Friends, I'm almost embarrassed to share what just happened to me today but my hunch is you can already guess.
About a week ago, my dear neighbor of more than twenty years, Irma -- you may recall I fixed her old Singer 66 last March -- told me that a well-to-do friend of hers was downsizing and getting rid of a sewing machine. She'd told her friend about me and said that if I was interested, I could call her friend and make arrangements to take the machine off her hands.
Since the last few weeks I've been dealing with a low-grade sinus infection -- I haven't felt 100% since the first week of January -- I'd neglected to call her. Well, the day before yesterday, I was over at Irma's -- she'd cooked meatballs for me and Michael -- and she reminded me about her friend and asked if I'd called her yet: Irma's way of saying, Call her already!
Long story short(ish), yesterday I telephoned her friend, who lives about a half mile away. She said she had no idea what model machine she had, just that she'd seen it in the window of an antiques store many years ago and picked it up (trading in her old zigzagger plus some additional cash for it). We made arrangements for me to swing by this morning, which I did. I figured it was probably an old black Singer, but I was expecting a 99K in one of those big wooden boxes or even a 128 with the shuttle bobbin (which she actually does own -- her late husband had turned it into a dining room lamp, with the top of the box serving as the shade, with fringe attached; I wish I'd brought my camera.) Obviously, as soon as I saw the familiar black case I knew it was neither of those models.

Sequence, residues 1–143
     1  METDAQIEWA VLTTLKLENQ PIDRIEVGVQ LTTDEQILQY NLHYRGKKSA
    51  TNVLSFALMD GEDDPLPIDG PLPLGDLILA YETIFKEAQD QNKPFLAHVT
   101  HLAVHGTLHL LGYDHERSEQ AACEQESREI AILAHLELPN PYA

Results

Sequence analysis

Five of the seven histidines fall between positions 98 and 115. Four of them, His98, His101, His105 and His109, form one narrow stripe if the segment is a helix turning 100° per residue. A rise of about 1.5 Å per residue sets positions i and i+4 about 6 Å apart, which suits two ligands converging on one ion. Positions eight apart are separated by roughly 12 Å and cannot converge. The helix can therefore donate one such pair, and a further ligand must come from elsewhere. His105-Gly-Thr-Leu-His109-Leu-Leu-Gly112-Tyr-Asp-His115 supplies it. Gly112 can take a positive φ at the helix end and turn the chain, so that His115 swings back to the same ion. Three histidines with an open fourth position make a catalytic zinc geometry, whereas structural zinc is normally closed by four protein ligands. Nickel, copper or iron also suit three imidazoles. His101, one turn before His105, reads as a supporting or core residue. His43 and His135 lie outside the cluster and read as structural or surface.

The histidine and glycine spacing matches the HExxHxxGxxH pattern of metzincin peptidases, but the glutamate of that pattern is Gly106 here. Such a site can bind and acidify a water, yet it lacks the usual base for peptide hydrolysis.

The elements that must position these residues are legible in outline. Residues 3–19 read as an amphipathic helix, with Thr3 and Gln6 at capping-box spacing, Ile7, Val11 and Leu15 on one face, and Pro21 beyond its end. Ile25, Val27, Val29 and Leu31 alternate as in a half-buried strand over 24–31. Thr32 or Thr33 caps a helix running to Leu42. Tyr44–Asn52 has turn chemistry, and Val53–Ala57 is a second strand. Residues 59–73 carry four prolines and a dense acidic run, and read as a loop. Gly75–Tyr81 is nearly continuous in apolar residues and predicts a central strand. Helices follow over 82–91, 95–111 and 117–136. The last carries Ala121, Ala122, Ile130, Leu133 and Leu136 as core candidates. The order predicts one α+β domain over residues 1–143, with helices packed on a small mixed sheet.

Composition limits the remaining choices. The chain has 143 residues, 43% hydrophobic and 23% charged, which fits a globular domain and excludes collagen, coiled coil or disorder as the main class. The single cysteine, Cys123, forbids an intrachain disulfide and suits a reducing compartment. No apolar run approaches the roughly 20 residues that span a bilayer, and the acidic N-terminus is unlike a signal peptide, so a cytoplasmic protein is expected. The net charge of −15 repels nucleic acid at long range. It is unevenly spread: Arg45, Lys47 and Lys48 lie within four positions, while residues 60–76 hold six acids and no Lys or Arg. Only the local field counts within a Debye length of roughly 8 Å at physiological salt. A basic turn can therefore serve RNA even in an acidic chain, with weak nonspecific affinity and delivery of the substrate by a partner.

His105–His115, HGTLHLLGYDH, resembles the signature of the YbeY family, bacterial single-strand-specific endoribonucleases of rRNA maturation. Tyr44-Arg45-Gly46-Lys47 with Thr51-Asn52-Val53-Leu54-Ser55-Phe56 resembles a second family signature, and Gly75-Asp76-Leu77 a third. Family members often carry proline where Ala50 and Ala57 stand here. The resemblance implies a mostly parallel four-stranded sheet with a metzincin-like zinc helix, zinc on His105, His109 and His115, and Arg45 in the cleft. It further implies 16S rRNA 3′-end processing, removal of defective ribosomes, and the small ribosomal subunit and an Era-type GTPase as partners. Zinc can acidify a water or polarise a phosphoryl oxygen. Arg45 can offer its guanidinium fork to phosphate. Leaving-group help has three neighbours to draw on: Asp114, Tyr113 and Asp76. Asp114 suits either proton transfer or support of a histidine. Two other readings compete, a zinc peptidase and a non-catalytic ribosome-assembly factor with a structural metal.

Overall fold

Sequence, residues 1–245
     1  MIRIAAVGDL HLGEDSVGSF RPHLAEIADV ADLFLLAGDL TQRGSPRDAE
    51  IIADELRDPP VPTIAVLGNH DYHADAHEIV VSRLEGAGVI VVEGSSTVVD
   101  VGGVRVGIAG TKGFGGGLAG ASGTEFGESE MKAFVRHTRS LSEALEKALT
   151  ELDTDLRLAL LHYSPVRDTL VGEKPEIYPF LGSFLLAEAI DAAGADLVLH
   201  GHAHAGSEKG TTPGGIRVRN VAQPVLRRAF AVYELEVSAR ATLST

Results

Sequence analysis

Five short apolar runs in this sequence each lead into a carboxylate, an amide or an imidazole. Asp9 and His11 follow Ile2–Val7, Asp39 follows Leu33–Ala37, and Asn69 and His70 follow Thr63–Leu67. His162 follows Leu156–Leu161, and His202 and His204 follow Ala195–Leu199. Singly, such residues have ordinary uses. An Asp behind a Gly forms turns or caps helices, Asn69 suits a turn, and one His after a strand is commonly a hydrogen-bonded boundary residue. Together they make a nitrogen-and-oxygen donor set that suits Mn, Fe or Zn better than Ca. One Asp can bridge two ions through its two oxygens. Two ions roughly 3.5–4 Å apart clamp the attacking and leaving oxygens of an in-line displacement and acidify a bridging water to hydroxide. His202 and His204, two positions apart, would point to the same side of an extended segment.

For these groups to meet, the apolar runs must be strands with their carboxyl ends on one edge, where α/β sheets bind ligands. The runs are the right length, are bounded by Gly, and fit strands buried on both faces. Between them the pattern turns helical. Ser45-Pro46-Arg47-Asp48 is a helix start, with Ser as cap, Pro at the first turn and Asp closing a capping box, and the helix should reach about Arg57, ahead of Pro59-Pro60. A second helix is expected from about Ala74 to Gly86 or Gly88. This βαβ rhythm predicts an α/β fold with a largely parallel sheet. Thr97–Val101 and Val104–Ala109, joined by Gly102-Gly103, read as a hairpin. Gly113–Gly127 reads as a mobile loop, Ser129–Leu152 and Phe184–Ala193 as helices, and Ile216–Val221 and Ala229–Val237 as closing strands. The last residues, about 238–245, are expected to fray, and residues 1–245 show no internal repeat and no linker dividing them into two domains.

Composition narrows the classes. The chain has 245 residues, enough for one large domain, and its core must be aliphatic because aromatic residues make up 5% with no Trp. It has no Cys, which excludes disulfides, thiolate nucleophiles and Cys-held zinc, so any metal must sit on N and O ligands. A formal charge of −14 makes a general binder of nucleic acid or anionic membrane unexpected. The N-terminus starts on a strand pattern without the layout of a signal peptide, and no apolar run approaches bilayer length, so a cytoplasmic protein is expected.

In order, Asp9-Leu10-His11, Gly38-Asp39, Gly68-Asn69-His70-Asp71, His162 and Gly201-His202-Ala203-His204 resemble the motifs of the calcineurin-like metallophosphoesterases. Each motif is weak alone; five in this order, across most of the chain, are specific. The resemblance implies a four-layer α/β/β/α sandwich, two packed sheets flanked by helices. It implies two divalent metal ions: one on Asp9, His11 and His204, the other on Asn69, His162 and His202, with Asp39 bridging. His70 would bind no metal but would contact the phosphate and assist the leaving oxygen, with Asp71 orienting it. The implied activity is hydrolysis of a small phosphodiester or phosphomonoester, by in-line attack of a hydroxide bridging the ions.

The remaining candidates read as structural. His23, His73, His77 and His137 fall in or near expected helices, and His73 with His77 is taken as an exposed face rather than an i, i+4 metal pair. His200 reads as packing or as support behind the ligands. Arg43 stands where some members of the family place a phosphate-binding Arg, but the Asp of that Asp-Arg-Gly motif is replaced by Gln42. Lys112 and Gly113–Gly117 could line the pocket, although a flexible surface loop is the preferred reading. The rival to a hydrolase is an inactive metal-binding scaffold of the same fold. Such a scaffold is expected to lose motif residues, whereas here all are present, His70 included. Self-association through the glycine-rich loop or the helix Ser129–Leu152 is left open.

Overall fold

Half an hour later I was back home and gave the machine a good inspection. The case is in pretty good shape.
Original manual inside.
Assorted attachments including a real Singer-branded walking foot!
The belt had been attached inside out and on the outer edge of the motor axle, if that makes sense, so I reattached it correctly.
Otherwise, all was well.
All the bobbins it came with had more than one color thread wound on them -- a big no-no in my book.
I oiled the innards, dusted it a bit, and she was good to go. The first stitches looked great!
So there you have it -- another lovely Singer featherweight joins the family. Will it remain in the family? We shall see.
Here's a short movie of the machine in action:
Readers, have you ever been gifted a nice sewing machine you didn't really need? Did you keep it, sell it, or give it away?
How many featherweights are too many featherweights?
I'm a native New Yorker and self-taught sewing fanatic! I started sewing in 2009 and today make all my own clothes using mainly vintage patterns and vintage sewing machines. Welcome to the warm and whimsical world of Male Pattern Boldness, where the conversation is sewing, style, fashion, fabric, and more!